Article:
Washington is America’s “top state for business” according to CNBC. The report offers glowing commentary on the state’s assets:
With the nation’s fastest-growing economy and an all-star business roster of household names and up-and-comers, Washington — the Evergreen State — soars above the competition as America’s Top State for Business in 2017.
The home of Amazon and Costco, Boeing and Expedia, as well as rising stars like Adaptive Biotechnologies, online marketplace OfferUp and space company Blue Origin, Washington has the old and new economies covered — as well as pretty much everything in between.
But the success story does not end there. At a time when the best workforce rules, Washington boasts the nation’s largest concentration of STEM (science, technology, education and math) workers. Nearly 1 in every 10 Washington workers is in those professions, according to the U.S. Bureau of Labor Statistics. The University of Washington’s computer science school — recently named for one of the state’s most famous natives, Microsoft co-founder Paul Allen — is world class. There is no brain drain here; no state does better at hanging on to its college graduates. And the state is consistently a magnet for investment capital. Washington businesses attracted nearly $1.6 billion in venture capital last year, the sixth-highest total in the nation.
CNBC bases its rankings on 66 metrics, grouped and weighted, with a possible point total of 2,500. Washington received 1,621 points.
This year’s categories and point totals are:
- Workforce: 425 points
- Infrastructure: 400 points
- Cost of Doing Business: 350 points
- Economy: 300 points
- Quality of Life: 300 points
- Technology & Innovation: 225 points
- Education: 200
- Business Friendliness: 150 points
- Access to Capital: 100 points
- Cost of Living: 50 points
Washington ranked 5th in Workforce, 32nd in Infrastructure, 32nd in Cost of Doing Business, 3rd in Economy, 5th in Quality of Life, 3rd in Technology and Innovation, 19th in Education, 31st in Business Friendliness, 8th in Access to Capital and 37th in Cost of Living.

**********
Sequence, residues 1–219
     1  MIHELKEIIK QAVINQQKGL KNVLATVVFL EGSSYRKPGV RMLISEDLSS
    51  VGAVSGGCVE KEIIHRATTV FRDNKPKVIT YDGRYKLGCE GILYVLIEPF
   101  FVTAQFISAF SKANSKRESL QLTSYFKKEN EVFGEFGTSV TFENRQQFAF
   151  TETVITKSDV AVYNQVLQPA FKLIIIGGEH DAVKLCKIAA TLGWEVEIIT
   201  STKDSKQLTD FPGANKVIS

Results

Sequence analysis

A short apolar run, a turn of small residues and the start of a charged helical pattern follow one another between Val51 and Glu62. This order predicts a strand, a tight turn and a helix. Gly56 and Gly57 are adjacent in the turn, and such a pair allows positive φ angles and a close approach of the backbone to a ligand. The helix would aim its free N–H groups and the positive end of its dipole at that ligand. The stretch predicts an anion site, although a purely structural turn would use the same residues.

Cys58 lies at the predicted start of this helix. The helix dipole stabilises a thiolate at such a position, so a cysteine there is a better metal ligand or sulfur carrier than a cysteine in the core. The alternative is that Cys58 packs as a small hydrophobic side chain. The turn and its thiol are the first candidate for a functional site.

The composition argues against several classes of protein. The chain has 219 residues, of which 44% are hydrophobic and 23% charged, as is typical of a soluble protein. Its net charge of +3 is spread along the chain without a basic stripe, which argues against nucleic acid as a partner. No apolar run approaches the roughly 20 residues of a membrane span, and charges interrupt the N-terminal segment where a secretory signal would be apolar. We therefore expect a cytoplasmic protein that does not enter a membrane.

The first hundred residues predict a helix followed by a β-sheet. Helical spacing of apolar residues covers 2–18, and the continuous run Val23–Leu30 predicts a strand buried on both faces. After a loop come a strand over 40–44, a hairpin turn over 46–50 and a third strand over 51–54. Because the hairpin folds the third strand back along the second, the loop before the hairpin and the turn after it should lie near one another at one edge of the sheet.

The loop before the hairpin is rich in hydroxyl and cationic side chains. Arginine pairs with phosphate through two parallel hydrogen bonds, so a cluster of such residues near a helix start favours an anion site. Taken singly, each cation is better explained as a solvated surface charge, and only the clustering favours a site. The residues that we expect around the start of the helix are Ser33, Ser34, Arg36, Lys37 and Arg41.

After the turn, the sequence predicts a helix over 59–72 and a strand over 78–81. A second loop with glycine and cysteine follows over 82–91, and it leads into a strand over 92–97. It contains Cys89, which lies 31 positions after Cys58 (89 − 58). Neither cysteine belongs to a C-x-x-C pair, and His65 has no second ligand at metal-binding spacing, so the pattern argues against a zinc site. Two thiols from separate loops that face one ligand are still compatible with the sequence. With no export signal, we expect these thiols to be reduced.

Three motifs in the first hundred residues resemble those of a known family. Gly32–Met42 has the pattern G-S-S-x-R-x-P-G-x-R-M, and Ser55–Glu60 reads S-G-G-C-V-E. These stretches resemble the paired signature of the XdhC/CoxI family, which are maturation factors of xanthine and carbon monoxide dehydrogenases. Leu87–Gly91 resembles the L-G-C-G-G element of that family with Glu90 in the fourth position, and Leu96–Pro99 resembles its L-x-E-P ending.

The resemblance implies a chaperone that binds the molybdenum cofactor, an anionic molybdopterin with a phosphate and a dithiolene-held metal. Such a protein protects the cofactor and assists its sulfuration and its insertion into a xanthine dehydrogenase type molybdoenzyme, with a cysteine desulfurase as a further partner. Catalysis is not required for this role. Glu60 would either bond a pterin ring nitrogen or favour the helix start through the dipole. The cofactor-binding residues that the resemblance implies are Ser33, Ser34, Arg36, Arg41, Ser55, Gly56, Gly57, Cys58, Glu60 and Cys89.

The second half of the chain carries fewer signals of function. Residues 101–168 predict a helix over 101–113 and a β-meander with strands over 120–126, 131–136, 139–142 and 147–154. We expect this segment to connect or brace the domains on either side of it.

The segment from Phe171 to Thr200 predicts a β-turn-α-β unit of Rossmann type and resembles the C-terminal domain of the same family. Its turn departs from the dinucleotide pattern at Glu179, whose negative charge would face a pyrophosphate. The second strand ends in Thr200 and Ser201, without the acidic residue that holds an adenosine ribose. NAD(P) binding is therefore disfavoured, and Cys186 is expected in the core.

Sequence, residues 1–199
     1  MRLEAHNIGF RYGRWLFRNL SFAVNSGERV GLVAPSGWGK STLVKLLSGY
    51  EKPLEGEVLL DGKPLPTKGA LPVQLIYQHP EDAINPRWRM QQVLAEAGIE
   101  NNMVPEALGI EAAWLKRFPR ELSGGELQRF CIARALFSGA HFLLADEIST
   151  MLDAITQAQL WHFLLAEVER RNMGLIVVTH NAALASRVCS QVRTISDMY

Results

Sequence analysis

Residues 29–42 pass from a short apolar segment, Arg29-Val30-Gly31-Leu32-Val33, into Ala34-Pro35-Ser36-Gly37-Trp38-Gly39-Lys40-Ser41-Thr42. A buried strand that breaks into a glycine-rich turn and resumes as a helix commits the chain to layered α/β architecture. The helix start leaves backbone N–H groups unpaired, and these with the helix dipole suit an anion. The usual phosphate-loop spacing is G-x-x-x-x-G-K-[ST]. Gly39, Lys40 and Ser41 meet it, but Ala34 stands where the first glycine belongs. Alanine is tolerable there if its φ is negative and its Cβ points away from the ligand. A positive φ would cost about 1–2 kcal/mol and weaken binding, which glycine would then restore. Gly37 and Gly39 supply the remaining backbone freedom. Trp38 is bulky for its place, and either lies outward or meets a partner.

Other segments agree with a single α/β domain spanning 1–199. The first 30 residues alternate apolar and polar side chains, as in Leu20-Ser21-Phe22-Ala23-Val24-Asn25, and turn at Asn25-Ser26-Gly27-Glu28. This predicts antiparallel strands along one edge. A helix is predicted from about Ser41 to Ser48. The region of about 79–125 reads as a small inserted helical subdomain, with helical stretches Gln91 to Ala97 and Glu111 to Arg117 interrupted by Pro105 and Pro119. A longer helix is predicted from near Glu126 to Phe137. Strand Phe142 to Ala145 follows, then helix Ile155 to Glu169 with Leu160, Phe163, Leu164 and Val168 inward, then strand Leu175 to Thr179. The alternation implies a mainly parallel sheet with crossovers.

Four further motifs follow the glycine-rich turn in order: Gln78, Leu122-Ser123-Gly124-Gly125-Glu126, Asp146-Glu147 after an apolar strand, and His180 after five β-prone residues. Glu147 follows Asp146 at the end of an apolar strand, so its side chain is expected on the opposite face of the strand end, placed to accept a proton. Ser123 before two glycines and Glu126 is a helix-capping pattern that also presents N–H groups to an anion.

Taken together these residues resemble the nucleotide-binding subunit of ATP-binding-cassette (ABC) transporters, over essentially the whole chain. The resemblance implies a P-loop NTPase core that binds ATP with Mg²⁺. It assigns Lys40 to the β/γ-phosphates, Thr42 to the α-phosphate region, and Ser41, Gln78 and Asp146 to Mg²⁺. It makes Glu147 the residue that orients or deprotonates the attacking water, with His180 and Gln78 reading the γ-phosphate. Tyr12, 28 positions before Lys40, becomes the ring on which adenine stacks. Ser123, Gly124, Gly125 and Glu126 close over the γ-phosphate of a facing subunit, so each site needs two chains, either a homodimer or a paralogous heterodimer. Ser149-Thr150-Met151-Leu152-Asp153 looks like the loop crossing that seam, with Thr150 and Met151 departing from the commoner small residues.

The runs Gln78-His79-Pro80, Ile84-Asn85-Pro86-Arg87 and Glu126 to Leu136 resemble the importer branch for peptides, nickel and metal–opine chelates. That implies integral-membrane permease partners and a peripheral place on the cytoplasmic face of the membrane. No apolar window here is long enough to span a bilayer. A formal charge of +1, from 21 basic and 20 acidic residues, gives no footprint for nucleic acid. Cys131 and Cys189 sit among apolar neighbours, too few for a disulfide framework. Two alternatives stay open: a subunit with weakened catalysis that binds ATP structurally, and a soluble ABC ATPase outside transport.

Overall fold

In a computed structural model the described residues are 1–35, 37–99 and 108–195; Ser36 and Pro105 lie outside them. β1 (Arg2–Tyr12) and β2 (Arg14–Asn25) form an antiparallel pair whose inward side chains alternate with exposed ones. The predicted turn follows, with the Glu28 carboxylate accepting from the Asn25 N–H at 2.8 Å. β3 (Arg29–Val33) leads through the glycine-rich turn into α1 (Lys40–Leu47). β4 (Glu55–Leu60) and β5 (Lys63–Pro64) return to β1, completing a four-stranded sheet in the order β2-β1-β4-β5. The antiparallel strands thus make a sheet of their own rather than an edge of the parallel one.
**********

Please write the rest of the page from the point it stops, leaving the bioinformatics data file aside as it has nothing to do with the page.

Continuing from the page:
CNBC reports that this year’s rankings were highly competitive.
Our 2017 field of Top States is our most competitive since we began ranking the states more than a decade ago. Washington outranks its nearest competitor by a mere five points. And second-place Georgia outscores third-place Minnesota by a single point.
Georgia and Minnesota illustrate a running theme in our study year after year: There is no exclusive path to competitiveness.
Georgia follows a more traditional route, the one typically favored by business, emphasizing lower taxes and fewer regulations. The state has come roaring back from the Great Recession, which hit Georgia hard. Now it has the best all-around economy in the nation, according to our study. But it falls seriously short in two categories that often benefit from more state support: Education, where it finishes No. 33, and Quality of Life, where it finishes No. 28.
By contrast, Minnesota takes the position that you get what you pay for. The North Star State finishes No. 2 for Education and No. 3 for Quality of Life. And the state is no slouch in the Economy category, finishing No. 6 with the help of a solid housing market and strong state finances. But the state finishes No. 36 for Cost of Doing Business and No. 31 for Cost of Living. State taxes — at least as far as the top brackets go — are among the highest in the country.
As we’ve written previously, we’re skeptical when it comes to these sorts of “best states” rankings. A point or two here or there would have bumped Washington from the enviable top spot. And, as CNBC points out, the ranking methodology allows for multiple paths to success. Skeptical or not, though, we like seeing Washington topping this list. And we find, as usual, that there’s a lot of very useful information to be gleaned from reviewing the data. CNBC does a commendable job of sharing its methodology and data sources.
The report also identifies some areas of concern for Washington, noting education funding, infrastructure and the high cost of living and cost of doing business. The Legislature, of course, has made significant strides in both education and infrastructure funding, passing the comprehensive transportation finance package several years ago and completing the court-ordered education funding work this session.
For more on how these rankings compare generally, we recommend this 2012 report from the Washington Research Council.